Kombucha -- fermented tea -- is made with tea and sugar and undergoes an anaerobic fermention process. A scoby (which is an acronym of "symbiotic culture of bacteria and yeast") creates a biofilm over the tea, which prevents air from entering the liquid and causes natural carbonation. Yeast converts sugar in the tea to alcohol, and bacteria converts the alcohol into acids (essentially, it creates a vinegar). Sugar (opposed to other sweeteners) is used to make kombucha because it's much easier to control its pH that way.
On paper, I realize this beverage sounds completely unappetizing. (Biofilm? Yeast? Bacteria? Really?) In fact, my DH looked pretty skeptical when I offered him a glass, but now he's just as hooked as I am because it's really quite nice. Even my dog likes it. Bubbly and tangy, it reminds me of stone fruit and apple cider vinegar.
So anyway, I've been making this for a while using a continuous brew method, which I like because of the minimal cleanup, and we've been enjoying it every day. However, I recently read about something called jun kombucha. It was described as "the champagne of kombuchas." Also, instead of using sugar, jun is made with green tea and honey! Well, hot diggity! I had to try it!
It's important to note that one cannot use a regular kombucha scoby and starter tea to make jun as it requires different yeast/bacteria to process the honey. Jun scobys also work better at lower temperatures, which might be a good thing since a lot of windows make my kitchen a bit chilly in the winter.
Although I grew my own kombucha scoby, jun scobys are reported to be much more difficult and fickle, so I bought one instead. You can pay as much as $45 online for a jun scoby & starter tea, but I found a much less expensive one on Amazon. Even with shipping, it came out to only about $10. Etsy seems to have some jun scobys for sale as well.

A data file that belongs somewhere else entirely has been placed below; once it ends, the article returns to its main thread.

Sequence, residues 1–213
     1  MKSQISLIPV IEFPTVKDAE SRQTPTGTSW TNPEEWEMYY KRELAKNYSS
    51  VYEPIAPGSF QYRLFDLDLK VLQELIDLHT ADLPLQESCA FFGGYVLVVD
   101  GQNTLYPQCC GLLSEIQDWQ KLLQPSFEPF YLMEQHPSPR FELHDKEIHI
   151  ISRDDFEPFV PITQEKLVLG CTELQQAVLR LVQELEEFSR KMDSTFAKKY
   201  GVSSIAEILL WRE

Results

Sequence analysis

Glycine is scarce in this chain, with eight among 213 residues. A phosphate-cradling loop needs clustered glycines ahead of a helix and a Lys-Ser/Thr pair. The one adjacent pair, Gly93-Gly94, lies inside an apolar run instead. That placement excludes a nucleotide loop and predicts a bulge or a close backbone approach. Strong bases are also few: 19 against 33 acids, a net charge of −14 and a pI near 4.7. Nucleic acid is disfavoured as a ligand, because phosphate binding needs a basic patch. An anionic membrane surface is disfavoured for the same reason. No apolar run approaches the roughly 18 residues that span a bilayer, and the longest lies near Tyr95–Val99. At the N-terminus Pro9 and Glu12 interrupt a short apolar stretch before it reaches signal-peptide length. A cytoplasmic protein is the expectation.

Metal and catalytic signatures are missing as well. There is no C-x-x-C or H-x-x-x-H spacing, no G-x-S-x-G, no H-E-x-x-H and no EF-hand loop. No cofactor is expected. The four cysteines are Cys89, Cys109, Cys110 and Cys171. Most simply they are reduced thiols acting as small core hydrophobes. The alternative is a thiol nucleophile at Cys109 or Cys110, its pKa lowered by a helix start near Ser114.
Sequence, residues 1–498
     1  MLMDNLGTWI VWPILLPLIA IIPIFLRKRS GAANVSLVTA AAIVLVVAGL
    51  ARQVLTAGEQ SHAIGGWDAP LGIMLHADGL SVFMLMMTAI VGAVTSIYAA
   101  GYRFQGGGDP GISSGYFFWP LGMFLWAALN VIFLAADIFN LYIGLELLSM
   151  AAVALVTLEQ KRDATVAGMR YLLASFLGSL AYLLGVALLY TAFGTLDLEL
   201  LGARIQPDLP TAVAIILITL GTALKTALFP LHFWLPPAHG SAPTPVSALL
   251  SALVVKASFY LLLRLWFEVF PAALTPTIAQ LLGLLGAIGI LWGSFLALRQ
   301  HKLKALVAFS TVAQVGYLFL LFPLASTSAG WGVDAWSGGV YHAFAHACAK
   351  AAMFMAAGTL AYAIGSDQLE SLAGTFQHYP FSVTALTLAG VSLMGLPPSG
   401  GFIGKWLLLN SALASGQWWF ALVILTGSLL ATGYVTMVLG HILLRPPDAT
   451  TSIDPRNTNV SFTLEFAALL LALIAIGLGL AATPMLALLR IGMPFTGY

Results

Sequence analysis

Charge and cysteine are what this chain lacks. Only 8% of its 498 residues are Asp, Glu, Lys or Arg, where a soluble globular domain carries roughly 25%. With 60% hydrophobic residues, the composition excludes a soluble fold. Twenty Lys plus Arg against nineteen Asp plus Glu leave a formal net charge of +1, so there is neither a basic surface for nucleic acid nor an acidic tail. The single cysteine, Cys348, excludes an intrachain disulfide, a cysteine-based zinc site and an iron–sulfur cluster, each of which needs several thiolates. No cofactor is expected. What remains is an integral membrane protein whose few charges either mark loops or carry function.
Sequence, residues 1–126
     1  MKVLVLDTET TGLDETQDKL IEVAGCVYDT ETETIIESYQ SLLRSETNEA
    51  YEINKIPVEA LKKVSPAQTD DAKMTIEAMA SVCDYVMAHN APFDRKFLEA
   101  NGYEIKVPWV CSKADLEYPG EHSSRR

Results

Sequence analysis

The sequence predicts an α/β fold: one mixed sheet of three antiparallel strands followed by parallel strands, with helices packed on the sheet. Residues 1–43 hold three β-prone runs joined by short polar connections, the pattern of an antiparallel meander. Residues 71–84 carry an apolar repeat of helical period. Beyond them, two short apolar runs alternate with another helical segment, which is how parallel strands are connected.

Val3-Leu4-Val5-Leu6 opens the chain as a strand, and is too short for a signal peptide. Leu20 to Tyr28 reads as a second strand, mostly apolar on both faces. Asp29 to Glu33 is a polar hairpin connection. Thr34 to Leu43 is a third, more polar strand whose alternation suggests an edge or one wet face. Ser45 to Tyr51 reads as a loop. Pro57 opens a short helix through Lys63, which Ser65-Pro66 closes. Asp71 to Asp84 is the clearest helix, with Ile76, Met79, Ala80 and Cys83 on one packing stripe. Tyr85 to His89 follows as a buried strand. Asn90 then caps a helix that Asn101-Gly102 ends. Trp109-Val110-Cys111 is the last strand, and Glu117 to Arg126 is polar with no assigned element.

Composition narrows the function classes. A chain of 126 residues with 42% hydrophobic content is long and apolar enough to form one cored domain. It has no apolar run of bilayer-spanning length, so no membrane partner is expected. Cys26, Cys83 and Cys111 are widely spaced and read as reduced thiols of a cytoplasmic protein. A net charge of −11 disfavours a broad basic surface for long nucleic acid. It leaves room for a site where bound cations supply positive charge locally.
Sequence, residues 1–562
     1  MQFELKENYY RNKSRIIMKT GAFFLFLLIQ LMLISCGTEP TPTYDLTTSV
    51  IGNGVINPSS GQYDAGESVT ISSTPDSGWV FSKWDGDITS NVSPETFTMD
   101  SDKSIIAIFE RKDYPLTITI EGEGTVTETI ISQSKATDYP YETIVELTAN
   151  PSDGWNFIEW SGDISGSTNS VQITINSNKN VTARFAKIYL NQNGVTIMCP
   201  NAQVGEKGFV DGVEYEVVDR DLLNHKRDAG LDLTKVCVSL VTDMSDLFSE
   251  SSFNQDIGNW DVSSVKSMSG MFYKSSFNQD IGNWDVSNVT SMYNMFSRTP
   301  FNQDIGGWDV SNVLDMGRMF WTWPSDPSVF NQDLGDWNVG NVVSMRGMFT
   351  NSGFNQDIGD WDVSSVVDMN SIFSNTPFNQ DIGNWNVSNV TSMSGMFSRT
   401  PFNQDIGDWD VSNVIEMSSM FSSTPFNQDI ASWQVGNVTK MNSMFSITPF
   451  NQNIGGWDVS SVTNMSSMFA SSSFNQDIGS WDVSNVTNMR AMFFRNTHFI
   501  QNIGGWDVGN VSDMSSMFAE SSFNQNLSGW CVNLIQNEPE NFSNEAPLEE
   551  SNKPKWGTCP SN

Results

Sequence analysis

|Here are my scoby, starter tea, and instructions|
Making jun kombucha is pretty easy -- just mix some green tea, honey & starter tea and add the scoby. The hardest part is waiting for the fermentation process to complete.
|Green tea brewing|
|Green tea is cool. Honey goes in next.|
Brewing a new pot for me in the background.
|Add jun scoby & starter tea|
|Avoid transferring undesirable bacteria to jun scoby|
by making sure everything it touches is clean.
|Couldn't find a rubber band, so I used a long balloon to tie my kombucha!|
After letting it ferment the prescribed number of days, I bottled it and let it carbonate a few more days until it was ready to drink.
|A bubbly glass of jun, ready to drink|
The color of it was positively lovely, and it had loads of bubbles. But the smell was... not entirely off-putting. I could smell the honey, but it wasn't the tangy, vinegary smell of regular kombucha. The actual tasting, though, was something of a Lou and Andy moment. Lou and Andy are two of my favorite characters from a sketch comedy show called Little Britain. Essentially, Andy constantly insists on having things that Lou knows he'll hate -- like an ice cream cone with just the cone and no ice cream. Despite Lou's valiant attempts to dissuade him, Andy always gets his way and always ends complaining, "I don't like it." It's a highly predictable gag, but it still cracks me up. Anyway, I'm having a very Andy moment. I don't like it.